Electronic Health Records, Inflation, and Private Medicine
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Electronic Health Records, Inflation, and Private Medicine

7 July 2022


In late 2021, doctors and medical students bombarded Congress with hundreds of thousands of letters protesting a scheduled 10% cut to Medicare payment rates for private physicians. The effort, largely organized by the American Medical Association, was rewarded, and doctors were granted a reprieve from the full reduction, but physician payments are still being trimmed just as inflation has hit a 40‐​year high. Physicians are also facing a statutory payment freeze scheduled to last through 2026.In some ways, this marks a pivotal moment for private physicians. Unlike other small business owners, doctors running private practices have little power to set their own prices; Medicare largely sets the going rates for the entire industry. But the costs of running a private medical practice rose by around 39% between 2001 and 2021, even before the recent inflationary spike. Related expenses include office rent, employee wages and benefits, costly medical equipment, malpractice insurance premiums, and so forth. On top of that, a study published in JAMA Health Forum estimates that it costs $12,811 and takes more than 200 hours per physician annually to comply with the Medicare Merit-Based Incentive Payment System (MIPS)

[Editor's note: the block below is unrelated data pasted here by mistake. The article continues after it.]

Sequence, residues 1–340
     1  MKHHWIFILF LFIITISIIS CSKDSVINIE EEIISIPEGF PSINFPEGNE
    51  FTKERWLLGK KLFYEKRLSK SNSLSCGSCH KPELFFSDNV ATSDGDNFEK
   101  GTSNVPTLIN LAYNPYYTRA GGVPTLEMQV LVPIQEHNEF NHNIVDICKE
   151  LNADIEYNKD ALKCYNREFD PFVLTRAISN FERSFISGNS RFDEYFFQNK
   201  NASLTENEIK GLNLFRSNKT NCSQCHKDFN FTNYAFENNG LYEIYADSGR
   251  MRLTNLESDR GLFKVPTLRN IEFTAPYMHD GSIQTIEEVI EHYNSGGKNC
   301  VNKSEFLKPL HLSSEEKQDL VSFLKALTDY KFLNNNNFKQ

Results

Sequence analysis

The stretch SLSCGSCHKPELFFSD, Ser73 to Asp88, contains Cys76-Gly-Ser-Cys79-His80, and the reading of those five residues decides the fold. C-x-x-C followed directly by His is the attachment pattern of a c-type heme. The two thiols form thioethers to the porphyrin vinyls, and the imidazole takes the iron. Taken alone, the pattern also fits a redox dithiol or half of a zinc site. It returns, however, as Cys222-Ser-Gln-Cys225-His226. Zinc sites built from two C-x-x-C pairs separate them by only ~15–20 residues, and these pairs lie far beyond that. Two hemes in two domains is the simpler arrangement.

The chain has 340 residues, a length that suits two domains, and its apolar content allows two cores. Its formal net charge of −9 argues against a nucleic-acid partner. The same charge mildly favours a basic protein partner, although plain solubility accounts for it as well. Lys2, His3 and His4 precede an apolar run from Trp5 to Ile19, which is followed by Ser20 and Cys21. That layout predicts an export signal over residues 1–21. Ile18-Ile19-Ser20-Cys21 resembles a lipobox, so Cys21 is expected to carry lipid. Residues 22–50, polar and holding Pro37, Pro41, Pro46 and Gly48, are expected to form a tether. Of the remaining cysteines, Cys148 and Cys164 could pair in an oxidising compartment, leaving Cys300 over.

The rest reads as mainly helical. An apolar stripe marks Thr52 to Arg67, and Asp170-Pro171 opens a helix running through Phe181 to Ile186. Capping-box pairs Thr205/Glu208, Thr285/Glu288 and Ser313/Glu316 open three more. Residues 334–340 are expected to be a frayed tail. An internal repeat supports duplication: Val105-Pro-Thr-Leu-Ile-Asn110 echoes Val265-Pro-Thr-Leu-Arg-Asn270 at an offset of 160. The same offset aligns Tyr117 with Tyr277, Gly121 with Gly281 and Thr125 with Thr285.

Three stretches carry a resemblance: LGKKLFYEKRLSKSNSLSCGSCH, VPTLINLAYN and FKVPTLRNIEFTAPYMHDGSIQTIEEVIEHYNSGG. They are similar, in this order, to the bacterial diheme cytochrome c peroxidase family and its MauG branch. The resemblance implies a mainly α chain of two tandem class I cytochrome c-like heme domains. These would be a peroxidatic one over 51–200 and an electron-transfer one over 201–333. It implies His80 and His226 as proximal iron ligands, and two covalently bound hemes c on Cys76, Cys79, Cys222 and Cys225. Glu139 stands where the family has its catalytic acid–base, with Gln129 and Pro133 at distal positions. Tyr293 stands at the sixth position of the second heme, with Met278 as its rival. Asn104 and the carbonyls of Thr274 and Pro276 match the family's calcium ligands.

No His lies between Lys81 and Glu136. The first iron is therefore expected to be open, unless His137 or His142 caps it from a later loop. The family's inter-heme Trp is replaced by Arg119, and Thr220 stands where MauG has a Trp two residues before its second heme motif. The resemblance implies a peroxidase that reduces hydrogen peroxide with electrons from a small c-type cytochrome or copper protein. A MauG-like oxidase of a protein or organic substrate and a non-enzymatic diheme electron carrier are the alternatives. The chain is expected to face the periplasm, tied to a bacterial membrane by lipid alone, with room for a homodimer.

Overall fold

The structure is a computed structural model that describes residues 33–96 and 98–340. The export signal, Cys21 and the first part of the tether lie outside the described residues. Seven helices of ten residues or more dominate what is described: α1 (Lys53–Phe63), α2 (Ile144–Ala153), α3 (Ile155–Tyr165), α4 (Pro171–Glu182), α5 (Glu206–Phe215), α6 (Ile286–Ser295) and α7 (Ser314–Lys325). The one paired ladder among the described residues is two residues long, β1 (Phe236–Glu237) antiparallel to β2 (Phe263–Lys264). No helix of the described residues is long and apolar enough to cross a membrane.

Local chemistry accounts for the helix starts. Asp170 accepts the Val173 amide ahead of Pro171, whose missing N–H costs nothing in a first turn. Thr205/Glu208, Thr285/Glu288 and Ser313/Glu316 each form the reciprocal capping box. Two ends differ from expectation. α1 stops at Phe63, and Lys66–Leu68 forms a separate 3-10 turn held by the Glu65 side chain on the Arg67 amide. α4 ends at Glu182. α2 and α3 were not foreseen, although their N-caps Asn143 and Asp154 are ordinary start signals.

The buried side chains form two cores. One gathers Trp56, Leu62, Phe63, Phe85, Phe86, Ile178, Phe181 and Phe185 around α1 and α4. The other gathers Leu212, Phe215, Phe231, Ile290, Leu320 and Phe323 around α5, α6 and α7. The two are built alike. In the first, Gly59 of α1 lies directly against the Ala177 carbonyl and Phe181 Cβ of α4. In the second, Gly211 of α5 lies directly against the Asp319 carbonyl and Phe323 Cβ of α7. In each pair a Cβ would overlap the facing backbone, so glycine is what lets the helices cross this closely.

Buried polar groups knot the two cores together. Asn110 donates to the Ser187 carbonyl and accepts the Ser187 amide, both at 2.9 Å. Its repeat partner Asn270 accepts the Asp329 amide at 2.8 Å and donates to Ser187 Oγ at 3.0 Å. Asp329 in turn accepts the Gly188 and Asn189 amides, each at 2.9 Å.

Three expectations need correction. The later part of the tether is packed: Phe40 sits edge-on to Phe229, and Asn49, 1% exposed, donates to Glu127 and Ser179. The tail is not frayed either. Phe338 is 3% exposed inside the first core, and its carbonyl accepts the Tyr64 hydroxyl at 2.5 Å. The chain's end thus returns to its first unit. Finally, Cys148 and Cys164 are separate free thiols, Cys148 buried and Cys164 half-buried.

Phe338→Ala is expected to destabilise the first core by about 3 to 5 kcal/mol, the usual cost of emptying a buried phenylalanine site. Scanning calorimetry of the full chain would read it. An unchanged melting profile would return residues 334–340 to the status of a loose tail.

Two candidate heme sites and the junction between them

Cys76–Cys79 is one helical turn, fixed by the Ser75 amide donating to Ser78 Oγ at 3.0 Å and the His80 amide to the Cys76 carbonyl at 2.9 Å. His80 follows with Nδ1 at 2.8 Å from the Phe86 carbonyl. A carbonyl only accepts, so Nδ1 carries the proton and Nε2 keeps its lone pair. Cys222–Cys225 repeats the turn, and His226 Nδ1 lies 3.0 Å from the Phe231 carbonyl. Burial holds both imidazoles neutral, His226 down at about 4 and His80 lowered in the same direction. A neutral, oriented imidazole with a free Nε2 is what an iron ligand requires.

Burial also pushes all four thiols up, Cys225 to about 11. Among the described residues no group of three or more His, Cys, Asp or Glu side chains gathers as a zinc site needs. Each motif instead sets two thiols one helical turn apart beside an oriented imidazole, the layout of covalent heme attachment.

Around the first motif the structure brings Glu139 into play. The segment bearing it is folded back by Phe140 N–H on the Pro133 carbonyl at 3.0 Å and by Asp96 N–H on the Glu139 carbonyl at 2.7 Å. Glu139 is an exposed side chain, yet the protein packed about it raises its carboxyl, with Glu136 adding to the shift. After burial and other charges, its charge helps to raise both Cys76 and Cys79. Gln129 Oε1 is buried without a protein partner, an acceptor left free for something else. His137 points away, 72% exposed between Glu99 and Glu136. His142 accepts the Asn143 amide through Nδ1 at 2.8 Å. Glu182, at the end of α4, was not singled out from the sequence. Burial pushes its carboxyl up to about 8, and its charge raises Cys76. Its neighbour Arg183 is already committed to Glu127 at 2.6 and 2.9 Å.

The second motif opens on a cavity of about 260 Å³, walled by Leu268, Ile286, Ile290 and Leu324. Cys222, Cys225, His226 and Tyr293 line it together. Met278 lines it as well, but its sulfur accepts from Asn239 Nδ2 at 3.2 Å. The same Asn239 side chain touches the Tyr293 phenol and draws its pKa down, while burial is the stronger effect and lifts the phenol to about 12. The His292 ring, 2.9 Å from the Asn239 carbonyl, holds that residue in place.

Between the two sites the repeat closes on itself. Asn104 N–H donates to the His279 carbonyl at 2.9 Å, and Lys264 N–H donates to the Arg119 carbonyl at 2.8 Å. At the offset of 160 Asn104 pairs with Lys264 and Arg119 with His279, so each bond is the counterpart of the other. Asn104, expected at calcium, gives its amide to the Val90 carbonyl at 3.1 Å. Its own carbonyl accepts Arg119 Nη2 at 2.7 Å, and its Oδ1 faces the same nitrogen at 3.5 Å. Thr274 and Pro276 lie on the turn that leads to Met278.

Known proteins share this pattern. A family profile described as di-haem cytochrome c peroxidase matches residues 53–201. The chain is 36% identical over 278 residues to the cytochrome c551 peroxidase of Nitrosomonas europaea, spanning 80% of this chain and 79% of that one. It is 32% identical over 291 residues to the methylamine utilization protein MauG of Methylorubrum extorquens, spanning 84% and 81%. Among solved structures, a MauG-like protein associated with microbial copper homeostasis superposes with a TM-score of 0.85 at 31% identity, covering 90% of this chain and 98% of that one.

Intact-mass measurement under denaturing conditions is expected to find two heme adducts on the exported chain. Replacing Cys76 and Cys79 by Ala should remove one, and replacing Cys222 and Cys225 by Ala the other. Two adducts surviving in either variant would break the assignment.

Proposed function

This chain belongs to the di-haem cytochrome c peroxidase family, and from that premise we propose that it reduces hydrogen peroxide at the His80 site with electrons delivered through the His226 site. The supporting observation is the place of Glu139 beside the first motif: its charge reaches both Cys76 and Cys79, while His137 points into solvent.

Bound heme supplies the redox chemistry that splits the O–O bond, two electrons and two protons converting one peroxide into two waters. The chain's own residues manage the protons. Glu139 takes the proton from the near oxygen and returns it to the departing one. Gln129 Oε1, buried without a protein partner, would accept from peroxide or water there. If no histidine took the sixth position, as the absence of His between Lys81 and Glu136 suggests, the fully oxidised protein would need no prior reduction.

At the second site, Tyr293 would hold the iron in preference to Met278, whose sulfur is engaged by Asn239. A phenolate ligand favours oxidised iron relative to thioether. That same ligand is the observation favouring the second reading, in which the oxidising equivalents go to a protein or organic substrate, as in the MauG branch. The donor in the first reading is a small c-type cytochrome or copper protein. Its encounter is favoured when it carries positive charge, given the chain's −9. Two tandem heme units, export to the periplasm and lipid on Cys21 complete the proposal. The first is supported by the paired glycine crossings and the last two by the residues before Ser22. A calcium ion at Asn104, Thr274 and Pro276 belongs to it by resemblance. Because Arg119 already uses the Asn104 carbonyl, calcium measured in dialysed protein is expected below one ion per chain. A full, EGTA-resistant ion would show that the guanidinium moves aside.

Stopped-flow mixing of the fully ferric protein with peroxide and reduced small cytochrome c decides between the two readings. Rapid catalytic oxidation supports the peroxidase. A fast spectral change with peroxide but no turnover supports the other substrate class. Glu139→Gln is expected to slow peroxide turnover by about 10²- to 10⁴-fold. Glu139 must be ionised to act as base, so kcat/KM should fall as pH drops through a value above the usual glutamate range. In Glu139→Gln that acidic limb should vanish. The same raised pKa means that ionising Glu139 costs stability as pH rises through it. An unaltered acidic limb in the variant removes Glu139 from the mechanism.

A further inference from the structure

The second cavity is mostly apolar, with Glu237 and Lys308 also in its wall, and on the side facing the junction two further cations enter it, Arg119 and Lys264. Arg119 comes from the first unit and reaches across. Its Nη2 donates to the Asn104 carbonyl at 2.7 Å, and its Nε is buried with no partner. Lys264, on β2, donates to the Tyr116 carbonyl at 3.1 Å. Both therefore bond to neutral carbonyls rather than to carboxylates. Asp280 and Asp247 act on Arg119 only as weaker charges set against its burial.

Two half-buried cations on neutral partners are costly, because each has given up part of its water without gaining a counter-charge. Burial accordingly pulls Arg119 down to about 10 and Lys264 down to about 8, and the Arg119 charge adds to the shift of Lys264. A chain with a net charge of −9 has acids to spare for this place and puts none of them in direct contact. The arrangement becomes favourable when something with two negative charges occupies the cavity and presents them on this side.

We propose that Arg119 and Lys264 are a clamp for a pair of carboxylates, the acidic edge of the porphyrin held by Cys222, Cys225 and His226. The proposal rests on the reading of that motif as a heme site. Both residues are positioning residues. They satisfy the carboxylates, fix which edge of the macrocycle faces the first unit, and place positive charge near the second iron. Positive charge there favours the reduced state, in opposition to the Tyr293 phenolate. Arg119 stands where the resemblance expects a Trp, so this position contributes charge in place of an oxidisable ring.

Devorah Goldman
Assistant Editor, National Affairs